The statement stated the industry could expect increased timber prices in the fourth quarter and early 2023. Despite obstacles, steel production increased.
CLC: “The EU has filled its non-EU quotas, including the UK.” Heavy sections from the UK mainland to Northern Ireland bear tariffs.
The working group noted that high inflation and decreasing product demand have improved shipping capacity into the country.
Shipping could be affected by strikes at Britain’s fourth largest port, Liverpool, in September.
The CLC working group is especially concerned about construction insolvencies in 2022. The number of insolvent enterprises in the first half of this year was the largest since the 2008 financial crisis.
despite significant demand from January through June.
The working group said, “Given the substantial growth in insolvencies, the significant risk going forward is how severe cost rises and weakening demand would exacerbate the rise in insolvencies.”
Restructuring expenses eat into Kier profits as construction lags
Original Source: Restructuring costs dog Kier profit as construction work slips
After delayed projects and halted work brought construction revenue down 20%, infrastructure is now Kier’s biggest business.
In the year to June 2022, construction income declined from £1.8bn to £1.4bn.
It expected the dip and said the division’s order book for next year was up 27% to £4.2bn. It stated the surge in project prices was affecting public sector schemes. Cost inflation slowed UK government purchases this year.
Kier’s construction arm racked up £39m in adjustment items, including £22m in Southern Build restructuring charges and £9m in cladding repairs.
Infrastructure income rose 17% to £1.7bn and the order book rose 27% to £5.6bn.
Kier also spent £6.5m on redundancy expenses across the group and £7.1m on professional fees, including costs related to the sale of Kier Living and the equity offering in 2021.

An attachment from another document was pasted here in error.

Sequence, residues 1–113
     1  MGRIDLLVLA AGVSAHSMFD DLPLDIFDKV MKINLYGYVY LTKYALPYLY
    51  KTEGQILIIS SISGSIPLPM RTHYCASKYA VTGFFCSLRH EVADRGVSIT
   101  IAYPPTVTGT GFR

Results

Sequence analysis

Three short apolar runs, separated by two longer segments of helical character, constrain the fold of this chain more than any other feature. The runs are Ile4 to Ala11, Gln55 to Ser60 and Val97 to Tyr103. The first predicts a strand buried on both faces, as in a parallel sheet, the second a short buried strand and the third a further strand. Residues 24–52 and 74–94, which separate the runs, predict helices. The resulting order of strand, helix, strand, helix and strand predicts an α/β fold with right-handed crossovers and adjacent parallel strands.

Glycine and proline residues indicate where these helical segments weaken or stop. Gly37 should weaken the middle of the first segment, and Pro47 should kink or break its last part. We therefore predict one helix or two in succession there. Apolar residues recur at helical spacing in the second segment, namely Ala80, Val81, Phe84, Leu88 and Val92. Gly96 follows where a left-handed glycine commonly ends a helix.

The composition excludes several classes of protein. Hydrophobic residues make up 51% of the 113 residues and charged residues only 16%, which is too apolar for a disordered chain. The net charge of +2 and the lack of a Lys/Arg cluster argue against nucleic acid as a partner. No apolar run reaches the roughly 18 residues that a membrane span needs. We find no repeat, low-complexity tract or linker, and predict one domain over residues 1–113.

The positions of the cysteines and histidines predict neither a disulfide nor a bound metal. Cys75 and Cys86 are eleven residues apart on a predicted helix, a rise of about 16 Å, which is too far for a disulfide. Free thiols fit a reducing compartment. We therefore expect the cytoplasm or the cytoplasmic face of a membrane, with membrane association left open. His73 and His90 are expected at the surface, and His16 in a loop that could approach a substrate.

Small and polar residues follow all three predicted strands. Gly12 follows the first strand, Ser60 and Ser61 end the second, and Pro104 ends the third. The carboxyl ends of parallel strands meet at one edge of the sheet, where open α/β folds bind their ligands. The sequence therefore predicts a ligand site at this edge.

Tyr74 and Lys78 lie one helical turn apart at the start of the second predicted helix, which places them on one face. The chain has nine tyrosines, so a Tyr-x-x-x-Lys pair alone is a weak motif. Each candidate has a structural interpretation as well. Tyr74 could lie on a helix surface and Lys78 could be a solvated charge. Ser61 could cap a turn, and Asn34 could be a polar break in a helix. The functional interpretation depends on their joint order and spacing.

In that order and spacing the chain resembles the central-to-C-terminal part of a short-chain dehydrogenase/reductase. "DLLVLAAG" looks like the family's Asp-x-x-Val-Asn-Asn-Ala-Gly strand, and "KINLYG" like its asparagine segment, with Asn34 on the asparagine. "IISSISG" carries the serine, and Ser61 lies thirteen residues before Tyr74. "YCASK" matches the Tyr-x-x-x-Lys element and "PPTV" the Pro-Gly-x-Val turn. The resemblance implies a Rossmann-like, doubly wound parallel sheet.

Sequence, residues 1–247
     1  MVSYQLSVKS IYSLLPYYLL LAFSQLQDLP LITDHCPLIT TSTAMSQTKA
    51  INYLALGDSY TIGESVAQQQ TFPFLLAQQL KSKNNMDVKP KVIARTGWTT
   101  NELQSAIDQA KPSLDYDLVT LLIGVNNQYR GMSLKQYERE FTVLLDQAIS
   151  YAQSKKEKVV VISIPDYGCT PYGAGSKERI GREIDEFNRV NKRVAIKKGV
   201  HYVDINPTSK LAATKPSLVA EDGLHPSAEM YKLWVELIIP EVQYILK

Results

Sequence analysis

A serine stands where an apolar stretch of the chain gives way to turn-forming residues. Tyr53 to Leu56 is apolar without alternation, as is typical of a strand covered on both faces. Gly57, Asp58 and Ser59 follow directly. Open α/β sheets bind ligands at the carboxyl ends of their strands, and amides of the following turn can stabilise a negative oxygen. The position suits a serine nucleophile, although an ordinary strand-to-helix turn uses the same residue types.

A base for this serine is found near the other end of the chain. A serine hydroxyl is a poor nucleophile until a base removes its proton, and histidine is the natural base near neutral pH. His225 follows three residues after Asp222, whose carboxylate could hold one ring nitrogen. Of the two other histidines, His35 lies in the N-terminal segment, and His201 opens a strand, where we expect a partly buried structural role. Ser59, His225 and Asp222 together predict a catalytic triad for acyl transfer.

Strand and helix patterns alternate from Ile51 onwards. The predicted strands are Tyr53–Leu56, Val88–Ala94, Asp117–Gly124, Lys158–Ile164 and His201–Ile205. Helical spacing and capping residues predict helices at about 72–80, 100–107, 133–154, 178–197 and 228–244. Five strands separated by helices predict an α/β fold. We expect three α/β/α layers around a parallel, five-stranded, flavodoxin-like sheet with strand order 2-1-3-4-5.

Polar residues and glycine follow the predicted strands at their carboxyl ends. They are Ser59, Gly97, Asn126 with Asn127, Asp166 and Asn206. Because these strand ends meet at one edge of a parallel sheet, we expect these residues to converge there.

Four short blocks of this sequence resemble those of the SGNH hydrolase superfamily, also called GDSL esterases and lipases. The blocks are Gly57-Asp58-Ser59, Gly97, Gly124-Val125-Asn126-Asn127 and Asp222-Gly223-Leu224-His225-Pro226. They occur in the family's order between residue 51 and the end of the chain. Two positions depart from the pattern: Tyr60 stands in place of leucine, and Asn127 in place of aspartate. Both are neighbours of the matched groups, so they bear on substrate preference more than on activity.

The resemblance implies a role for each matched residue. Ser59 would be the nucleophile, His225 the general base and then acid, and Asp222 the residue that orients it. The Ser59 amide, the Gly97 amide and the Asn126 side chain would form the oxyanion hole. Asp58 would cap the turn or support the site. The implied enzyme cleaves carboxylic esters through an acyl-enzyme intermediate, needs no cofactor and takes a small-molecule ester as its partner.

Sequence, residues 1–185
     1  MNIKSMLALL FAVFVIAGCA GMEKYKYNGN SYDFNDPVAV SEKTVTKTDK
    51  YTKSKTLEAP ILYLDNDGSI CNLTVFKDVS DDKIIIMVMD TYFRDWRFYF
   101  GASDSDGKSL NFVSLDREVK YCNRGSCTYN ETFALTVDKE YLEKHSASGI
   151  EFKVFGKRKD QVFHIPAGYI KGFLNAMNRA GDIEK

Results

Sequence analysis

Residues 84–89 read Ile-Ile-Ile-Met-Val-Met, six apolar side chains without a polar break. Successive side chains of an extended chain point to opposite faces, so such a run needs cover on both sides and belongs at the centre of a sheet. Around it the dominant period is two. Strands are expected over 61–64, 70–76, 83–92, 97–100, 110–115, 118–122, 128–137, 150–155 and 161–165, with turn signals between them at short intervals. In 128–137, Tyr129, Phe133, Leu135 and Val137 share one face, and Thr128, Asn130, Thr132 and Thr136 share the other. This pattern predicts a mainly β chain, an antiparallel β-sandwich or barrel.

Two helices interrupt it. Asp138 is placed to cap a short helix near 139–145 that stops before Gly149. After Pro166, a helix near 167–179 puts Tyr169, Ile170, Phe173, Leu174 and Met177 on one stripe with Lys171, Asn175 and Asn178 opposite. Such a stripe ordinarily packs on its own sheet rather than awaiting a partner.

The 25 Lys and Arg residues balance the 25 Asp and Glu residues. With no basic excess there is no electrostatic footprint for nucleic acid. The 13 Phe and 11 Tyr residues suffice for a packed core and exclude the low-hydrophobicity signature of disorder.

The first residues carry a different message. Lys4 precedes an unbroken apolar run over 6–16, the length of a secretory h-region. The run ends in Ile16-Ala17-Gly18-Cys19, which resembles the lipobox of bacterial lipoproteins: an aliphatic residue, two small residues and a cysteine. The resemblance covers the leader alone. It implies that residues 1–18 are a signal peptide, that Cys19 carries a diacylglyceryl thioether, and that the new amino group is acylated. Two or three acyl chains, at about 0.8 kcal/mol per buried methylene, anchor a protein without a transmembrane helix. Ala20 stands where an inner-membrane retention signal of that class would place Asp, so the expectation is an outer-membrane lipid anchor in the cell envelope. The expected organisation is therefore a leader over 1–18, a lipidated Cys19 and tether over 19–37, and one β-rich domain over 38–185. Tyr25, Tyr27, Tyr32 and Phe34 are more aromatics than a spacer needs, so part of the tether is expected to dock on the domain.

Cenkos analyst Andrew Gibb stated, “The exceptionals still need cleaning up, but the fundamental business is growing.” “Infrastructure looks fine.”
It claimed the average month-end net debt was down to £216m from £432m after the Kier Living sale and capital raise. It would have been lower still but for adjustment items; the settlement of a £21 million tax liability to HMRC, deferred by the pandemic; and £29 million of its supply chain lending facility.
It expects average month-end net debt to rise in FY23 due to HMRC and supply chain finance payments, as well as weaker construction business activity until the fourth quarter. In FY24, we expect net debt to decline with free cash flow generation due to the group’s increasing order book, revenue conversion, and working capital inflow. The group expects fewer adjusting items.
Kier’s group sales were steady at £3.3bn in the year to June 2022, but pre-tax profit rose from £5.6m to £15.9m. Pre-adjustment operating profit rose 20% to £121m. Orders rose 27% to £9.8bn.
Andrew Davies, CEO, said [the order book] provides market certainty. The new fiscal year has started well, and we are trading in accordance with our forecasts, despite persistent inflationary pressure. The market picture has not changed. We focus on a sustainable cash position and dividend policy.
The company’s goals for the next three to five years are £4 billion to £4.5 billion in revenue, 3.5% operating margins, and a sustainable net cash position.